Wednesday, March 19, 2014

"The last day of winter" ???

More snow on the "last day of winter"-fortunately it melted quickly with the warming temperatures during the afternoon.  But there is still a fair amount of snow on the ground an ice on the lake.

Maybe we can try to appreciate observing the changing shapes of the snowflakes, as warmer weather tends to produce the sonwflakes with extensive branching paterns.

Snowflakes form when cold water droplets freeze onto dust particles.  The resulting ice crystals will grow into different shapes based on the temperature and humidity of the air where the snowflakes form.

Effects of temperature and humidity on snowflake formation.
Image Credit: Kenneth Libbrecht.
Snowflakes formed in temperatures below – 22 degrees Celsius (- 7.6 degrees Fahrenheit) consist primarily of simple crystal plates and columns whereas snowflakes with extensive branching patterns are formed in warmer temperatures. The most intricate snowflake patterns are formed when there is moisture in the air. Snowflakes produced in drier conditions tend to have simpler shapes.

Just curious to find out more about "fractals" after hearing these lyrics from the movie Frozen so often lately:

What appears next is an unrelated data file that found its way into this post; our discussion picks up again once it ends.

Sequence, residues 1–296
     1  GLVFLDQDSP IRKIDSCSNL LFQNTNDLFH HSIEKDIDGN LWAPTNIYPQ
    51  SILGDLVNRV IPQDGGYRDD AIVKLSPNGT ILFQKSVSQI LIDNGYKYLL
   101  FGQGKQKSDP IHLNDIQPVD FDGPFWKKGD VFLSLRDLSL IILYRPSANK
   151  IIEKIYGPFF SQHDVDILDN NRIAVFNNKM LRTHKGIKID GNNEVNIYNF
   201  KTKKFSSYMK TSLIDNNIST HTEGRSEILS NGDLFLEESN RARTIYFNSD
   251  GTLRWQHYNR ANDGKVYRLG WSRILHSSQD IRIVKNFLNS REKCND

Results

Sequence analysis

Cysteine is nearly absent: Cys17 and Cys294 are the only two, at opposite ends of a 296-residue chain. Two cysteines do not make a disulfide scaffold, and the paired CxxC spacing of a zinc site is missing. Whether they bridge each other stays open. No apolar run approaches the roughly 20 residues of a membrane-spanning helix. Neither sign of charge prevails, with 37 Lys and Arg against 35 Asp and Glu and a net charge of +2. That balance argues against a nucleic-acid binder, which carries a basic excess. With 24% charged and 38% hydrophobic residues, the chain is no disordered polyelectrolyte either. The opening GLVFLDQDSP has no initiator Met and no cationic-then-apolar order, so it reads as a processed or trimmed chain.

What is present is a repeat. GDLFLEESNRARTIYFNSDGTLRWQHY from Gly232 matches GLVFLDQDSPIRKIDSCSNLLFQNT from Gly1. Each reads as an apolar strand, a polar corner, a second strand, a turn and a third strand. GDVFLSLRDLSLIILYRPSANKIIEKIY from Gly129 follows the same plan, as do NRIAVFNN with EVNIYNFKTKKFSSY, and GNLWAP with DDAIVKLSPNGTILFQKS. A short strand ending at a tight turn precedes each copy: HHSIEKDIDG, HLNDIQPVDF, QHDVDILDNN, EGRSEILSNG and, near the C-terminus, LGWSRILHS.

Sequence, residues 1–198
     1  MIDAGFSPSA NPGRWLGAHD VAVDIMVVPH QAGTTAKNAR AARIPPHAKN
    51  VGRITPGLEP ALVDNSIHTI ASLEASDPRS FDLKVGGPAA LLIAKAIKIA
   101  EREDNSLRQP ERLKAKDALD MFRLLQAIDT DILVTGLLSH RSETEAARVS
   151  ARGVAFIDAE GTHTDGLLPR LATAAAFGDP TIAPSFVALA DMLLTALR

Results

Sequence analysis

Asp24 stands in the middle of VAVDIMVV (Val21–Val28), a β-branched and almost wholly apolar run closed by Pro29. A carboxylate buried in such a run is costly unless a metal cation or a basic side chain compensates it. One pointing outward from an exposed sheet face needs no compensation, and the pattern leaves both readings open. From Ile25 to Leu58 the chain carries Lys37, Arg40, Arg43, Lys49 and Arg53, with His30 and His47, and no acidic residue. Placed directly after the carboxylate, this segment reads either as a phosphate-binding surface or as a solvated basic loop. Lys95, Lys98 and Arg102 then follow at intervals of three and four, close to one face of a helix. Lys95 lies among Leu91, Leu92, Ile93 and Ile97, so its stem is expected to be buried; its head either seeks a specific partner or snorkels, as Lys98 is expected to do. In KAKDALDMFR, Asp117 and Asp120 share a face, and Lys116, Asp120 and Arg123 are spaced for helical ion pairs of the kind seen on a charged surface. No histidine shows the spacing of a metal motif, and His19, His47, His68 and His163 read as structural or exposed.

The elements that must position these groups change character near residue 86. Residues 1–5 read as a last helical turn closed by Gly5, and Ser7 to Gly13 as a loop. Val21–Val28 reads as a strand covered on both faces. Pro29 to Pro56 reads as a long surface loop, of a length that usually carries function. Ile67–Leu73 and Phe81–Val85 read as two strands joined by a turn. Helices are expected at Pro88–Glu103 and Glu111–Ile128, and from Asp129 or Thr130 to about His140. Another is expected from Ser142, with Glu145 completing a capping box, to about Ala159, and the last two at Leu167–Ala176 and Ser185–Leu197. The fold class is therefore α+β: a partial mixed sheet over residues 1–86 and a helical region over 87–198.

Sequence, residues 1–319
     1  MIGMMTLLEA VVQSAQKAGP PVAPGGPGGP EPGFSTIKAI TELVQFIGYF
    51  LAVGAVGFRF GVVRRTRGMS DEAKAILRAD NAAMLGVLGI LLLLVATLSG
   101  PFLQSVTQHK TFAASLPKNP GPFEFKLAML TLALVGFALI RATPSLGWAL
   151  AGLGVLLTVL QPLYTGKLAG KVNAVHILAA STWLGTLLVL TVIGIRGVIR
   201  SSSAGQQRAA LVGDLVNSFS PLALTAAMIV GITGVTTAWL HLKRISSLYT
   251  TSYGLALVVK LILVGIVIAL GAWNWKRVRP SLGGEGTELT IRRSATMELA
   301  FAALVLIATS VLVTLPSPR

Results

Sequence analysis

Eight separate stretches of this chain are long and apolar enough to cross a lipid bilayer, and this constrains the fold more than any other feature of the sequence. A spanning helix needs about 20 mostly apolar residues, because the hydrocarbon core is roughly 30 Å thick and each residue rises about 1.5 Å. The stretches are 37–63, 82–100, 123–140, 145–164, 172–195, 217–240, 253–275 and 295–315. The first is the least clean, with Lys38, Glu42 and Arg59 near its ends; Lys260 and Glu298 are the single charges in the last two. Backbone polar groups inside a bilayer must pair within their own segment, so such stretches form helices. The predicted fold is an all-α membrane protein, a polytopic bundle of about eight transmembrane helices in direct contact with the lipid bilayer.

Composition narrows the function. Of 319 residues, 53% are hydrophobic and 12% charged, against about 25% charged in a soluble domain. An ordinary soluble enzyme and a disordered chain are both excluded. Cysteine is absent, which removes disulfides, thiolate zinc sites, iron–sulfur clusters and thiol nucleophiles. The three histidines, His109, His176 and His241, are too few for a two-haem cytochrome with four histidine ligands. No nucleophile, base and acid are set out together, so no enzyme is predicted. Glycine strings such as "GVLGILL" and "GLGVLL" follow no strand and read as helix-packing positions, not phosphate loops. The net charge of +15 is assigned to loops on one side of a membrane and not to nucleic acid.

My power flurries through the air into the ground.
My soul is spiraling in frozen fractals all around
And one thought crystallizes like an icy blast
I'm never going back; the past is in the past!
-Idina Menzel - (Disney's Frozen) Let It Go Lyrics | MetroLyrics 

Crystallizing water forms repeating patterns in snowflakes and on frosty surfaces illustrating examples of fractals found in nature.

From sea shells and spiral galaxies to the structure of human lungs, the patterns of chaos are all around us. Fractals are patterns formed from chaotic equations and contain self-similar patterns of complexity increasing with magnification. If you divide a fractal pattern into parts you get a nearly identical reduced-size copy of the whole.The mathematical beauty of fractals is that infinite complexity is formed with relatively simple equations. By iterating or repeating fractal-generating equations many times, random outputs create beautiful patterns that are unique, yet recognizable.

Maybe reflecting on some of quiet beauty over the past winter, will remind us of the beauty of the season this year with it's continuous snow cover.  (The snowmobilers seemed to appreciate it…)

As "winter" comes to an end astronomically speaking, reminiscing with some of my favorite shots of winter of 2014 taken at nearby High Cliff Stat Park by our son, Bryan.

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